The latest economic survey, presented by India’s Chief Economic Advisor, Shri Arvind Subramanian painted a mixed story for agriculture. At a time, when the entire ecosystem is working together towards PMO’s vision of doubling farmers’ income by 2022, the observations of the Economic Survey brought to light, that the sad and dismal photos of farmers- looking up at the sky for rains, overlooking the dry lands may actually continue to be true.
The most important fact tabled in the survey which caught my attention was – and I quote – If government policy does not respond to changing rainfall and temperature patterns, a loss of 15%-18% is likely in farm income, which could rise to 20%-25% in unirrigated area. This observation reiterates that at a time when we are looking at increasing farm incomes, there is actually a possibility of farm incomes falling. Reason: Climate change.
The challenge of climate change is not new. India’s Network for Climate Change Assessment (INCCA) published a report a few years ago indicating a net increase in annual temperature of 1.7 to 2 degrees by 2030, sounding an alarm for the country’s’ farmers. Agricultural experts indicate that a 1 degree increase in temperature may reduce the yields of crops like wheat, soybean, and potato by 3-7%. Food and Agriculture Organization (FAO) also pointed out that drought is a problem in 45% of the world’s geographical area where 38% of the world’s population lives and over 6% of the world’s land is affected by either salinity or sodicity.
In an article by my colleague, Dr Char who leads our Biotech initiatives, he observed some ways to mitigate this crisis, and I reiterate the most important one here, as a wakeup call in the context of the Economic Survey. Seed science. The role that biotech and plant science plays in mitigating extreme impact of climate change on crops cannot be overlooked. India has enjoyed the success in cotton, while other countries have reaped benefits in variety of plants- brinjal for one.
While the Economic Survey also observed that farmers have gained from an increased investment in research and development, I do believe that the percolation of these innovations to grassroots has been limited. I do agree with the Survey that Agricultural R&D is the main source of innovation, which is needed to sustain agricultural productivity growth in the long-term, and I do hope that Budget will provide the required encouragement for private investments in agriculture as well. For a country with over 50% workforce in agriculture, this is an important observation.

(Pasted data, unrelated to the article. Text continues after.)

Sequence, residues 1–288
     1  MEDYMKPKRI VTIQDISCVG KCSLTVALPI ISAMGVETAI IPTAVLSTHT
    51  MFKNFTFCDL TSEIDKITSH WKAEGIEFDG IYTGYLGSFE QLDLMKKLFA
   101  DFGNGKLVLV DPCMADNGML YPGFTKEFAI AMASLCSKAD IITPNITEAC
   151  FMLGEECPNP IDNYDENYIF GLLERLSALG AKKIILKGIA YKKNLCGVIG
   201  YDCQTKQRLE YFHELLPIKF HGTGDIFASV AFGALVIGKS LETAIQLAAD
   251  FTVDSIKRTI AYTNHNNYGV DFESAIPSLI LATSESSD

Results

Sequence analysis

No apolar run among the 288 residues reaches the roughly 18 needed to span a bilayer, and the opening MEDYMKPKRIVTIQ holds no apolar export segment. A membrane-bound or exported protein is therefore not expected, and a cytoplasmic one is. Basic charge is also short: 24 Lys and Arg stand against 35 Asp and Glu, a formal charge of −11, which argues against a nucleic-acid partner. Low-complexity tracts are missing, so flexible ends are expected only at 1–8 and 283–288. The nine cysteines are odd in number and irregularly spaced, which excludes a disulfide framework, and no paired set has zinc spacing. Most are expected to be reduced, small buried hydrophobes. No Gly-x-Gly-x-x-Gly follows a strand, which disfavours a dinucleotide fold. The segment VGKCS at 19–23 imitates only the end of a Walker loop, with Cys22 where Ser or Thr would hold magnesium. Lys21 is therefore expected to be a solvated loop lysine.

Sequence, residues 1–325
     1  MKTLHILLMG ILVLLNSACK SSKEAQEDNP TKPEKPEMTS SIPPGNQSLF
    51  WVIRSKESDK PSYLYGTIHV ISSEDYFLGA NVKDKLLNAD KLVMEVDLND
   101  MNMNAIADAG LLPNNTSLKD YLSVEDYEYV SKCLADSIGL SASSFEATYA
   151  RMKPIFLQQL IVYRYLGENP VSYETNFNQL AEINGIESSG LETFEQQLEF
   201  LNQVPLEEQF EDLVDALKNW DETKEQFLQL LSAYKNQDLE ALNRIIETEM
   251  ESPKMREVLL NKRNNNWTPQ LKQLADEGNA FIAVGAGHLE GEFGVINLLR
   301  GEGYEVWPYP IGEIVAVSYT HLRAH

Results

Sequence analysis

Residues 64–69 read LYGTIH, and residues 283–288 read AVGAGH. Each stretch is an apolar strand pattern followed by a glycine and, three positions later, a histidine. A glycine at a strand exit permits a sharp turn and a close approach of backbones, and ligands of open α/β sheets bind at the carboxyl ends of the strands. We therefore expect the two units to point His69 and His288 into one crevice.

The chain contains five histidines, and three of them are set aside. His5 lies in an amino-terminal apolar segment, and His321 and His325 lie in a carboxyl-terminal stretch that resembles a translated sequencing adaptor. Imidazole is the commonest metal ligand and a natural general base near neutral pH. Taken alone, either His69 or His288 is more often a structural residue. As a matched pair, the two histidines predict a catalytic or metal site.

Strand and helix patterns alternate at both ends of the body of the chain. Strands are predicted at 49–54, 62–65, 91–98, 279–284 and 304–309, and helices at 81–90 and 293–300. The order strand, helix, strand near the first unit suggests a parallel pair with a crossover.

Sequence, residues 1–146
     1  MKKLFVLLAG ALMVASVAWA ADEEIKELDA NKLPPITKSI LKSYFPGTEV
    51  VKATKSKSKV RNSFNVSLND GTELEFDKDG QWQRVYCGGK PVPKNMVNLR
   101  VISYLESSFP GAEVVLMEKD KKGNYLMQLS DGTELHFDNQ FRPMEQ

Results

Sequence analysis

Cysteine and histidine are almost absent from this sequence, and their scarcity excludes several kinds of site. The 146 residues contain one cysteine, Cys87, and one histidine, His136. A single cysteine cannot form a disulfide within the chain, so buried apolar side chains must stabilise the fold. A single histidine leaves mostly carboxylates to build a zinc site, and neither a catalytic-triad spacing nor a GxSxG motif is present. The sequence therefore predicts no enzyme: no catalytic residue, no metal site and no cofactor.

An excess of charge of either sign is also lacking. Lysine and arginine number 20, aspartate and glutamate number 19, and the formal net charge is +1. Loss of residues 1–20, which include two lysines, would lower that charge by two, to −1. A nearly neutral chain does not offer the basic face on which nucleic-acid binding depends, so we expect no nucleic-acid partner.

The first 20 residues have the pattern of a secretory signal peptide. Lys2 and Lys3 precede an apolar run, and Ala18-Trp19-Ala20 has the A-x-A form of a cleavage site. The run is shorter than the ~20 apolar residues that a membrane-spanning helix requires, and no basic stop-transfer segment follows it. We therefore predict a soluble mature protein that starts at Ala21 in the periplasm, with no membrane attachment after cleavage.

While Shri Subramanian’s observation of increasing mechanization in agriculture is certainly encouraging, the Survey considers sale of tractors as a parameter to judge the same- which can be misleading. At a time when estimates suggest that agricultural labour force could reduce to 25.7% by 2050, we need to innovate with not just plant science but also types of machines being used in agriculture. With balers, transplanters and harvesters becoming a norm in the west, Indian farmers are still working with ploughs and sickles which poses its own challenges.
In this light, the urgency of strict and innovative steps to help the sector bounce forward, becomes more evident, and I do hope that we will be able to make some constructive decisions to break the monotony.
-Mr Raghunath Nair, Sr. Manager, Finance, Mahyco